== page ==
Miami Exxpos vs. Bada Bing Boys – 6 F.J. 451 (August 1, 2014) – Fantasy Baseball Trade Rejected (R.Cano/Z.Greinke/D.Keuchel)


Miami Exxpos vs. Bada Bing Boys


Decided August 1, 2014
Cite as 6 F.J. 451 (August 2014)

Factual Background

A rotisserie fantasy baseball league called the Jabroni League (hereinafter referred to as “JL” was established in 1999 and is hosted on CBS.  The JL is a 12-team mixed AL/NL keeper league where teams are permitted to maintain a maximum of six (6) players.  GM’s can either retain players under a one-year contract or a three-year contract.  If a player was acquired during the auction draft, his value escalates $5.00 the following season.  If a player was acquired via free agency, his value escalates $8.00 the following season and then $5.00 every subsequent year capped at three years of keeper eligibility.

The JL uses a standard 5×5 format for its scoring categories to determine the standings and prize money.  For offensive players, the five categories are: (1) batting average; (2) homeruns; (3) runs batted in; (4) runs scored; and (5) stolen bases.  For pitchers, the five categories are: (1) wins; (2) earned run average; (3) WHIP (walks+hits/innings pitched); (4) strikeouts; and (5) saves.

All trades made between GM’s are subject to review.  Due to the fact that the JL is comprised of several clusters of family members and close relatives, the commissioner has the sole authority to submit all trades to the Court for review to avoid any potential conflicts.

The commissioner has submitted a trade to the Court for review to determine whether it should be approved or rejected.

Procedural History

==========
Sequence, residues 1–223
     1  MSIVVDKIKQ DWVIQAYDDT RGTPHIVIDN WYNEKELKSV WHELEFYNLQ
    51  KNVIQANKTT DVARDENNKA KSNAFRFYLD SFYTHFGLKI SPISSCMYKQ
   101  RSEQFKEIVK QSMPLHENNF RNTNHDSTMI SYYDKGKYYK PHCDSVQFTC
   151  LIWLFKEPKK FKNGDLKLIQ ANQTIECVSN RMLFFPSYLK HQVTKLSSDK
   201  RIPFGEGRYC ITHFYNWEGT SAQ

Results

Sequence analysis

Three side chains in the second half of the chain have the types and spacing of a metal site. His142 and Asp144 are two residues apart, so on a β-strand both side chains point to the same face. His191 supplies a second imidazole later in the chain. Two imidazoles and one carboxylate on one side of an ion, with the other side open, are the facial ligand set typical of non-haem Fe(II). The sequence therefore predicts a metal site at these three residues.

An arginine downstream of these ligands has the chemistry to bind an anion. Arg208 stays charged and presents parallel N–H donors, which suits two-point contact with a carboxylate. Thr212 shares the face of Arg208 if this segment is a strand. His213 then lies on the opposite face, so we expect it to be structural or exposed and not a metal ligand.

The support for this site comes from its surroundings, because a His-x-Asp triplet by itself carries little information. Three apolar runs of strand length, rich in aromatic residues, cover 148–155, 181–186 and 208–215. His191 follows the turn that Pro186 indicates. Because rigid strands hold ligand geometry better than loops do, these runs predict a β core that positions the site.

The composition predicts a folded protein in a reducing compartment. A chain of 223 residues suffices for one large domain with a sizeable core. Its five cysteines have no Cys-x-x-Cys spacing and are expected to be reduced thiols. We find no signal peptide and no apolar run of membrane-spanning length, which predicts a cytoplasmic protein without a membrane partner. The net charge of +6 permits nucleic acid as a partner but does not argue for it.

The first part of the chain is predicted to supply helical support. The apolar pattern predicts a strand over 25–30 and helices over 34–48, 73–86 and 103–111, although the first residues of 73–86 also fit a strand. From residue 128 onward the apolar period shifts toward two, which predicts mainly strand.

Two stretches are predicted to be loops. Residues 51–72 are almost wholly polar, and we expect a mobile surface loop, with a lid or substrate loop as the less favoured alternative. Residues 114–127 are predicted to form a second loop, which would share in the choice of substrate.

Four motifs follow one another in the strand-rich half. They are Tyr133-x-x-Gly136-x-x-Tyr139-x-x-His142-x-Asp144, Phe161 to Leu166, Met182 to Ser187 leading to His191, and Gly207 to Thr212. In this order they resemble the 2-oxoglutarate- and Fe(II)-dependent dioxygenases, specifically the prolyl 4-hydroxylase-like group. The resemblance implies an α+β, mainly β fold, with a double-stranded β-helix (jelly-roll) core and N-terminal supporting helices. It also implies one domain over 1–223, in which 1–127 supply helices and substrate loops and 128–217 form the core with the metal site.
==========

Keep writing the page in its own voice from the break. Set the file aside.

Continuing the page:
The Miami Exxpos traded Robinson Cano (2B-SEA, can be kept for $37.00 in 2015) and Zack Greinke (SP-LAD, can be kept for $32.00 in 2015) to the Bada Bing Boys in exchange for Lance Lynn (SP-STL, can be kept for $9.00 in 2015), Dallas Keuchel (SP-HOU, can be kept for $8.00 in 2015) and Hisashi Iwakuma (SP-SEA, can be kept for $13.00 in 2015).

Issue Presented

(1)   Should the trade between the Miami Exxpos and the Bada Bing Boys be approved?


The Court has consistently ruled that people who participate in fantasy leagues should be given the freedom to manage their teams according to their own preferences.  Whether success is bred from that individual’s decision-making is purely left to some skill, luck, dedication, and savviness.  See Gangrene Master Yoda vs. Team Dizzle, 4 F.J. 284, 285 (October 2012); 4 Ponies vs. Carson City Cocks, 3 F.J. 13 (May 2011).

When presented with a dispute over the fairness or equitability of a trade, the Court will evaluate the objective merits of a deal and ensure that the integrity of the league is maintained.   Victoria’s Secret vs. C-Train, 2 F.J. 32, 35 (October 2010).  Typically, the approval or rejection of a trade is based on whether the deal was made without collusion, has equitable consideration, and comports with the best interests of the league.  See 4 Ponies vs. Beaver Hunters, 3 F.J. 26, 27 (June 2011).  The virtue of a trade is measured in both quantifiable criteria and subjective needs of the teams involved.  Carson City Cocks vs. Stud Muffins, 3 F.J. 23, 24 (May 2011).